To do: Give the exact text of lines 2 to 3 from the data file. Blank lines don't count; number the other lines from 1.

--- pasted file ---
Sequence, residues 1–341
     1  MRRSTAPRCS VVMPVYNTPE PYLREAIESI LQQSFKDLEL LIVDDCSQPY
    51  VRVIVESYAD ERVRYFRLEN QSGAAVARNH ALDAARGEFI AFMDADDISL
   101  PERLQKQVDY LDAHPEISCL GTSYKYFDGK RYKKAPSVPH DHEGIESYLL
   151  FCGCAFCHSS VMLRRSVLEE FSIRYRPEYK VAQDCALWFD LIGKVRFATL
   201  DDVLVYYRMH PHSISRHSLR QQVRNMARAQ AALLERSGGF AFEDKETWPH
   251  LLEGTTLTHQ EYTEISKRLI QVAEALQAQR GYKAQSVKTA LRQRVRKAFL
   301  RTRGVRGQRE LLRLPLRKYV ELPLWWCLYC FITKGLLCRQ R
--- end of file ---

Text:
     1  MRRSTAPRCS VVMPVYNTPE PYLREAIESI LQQSFKDLEL LIVDDCSQPY
    51  VRVIVESYAD ERVRYFRLEN QSGAAVARNH ALDAARGEFI AFMDADDISL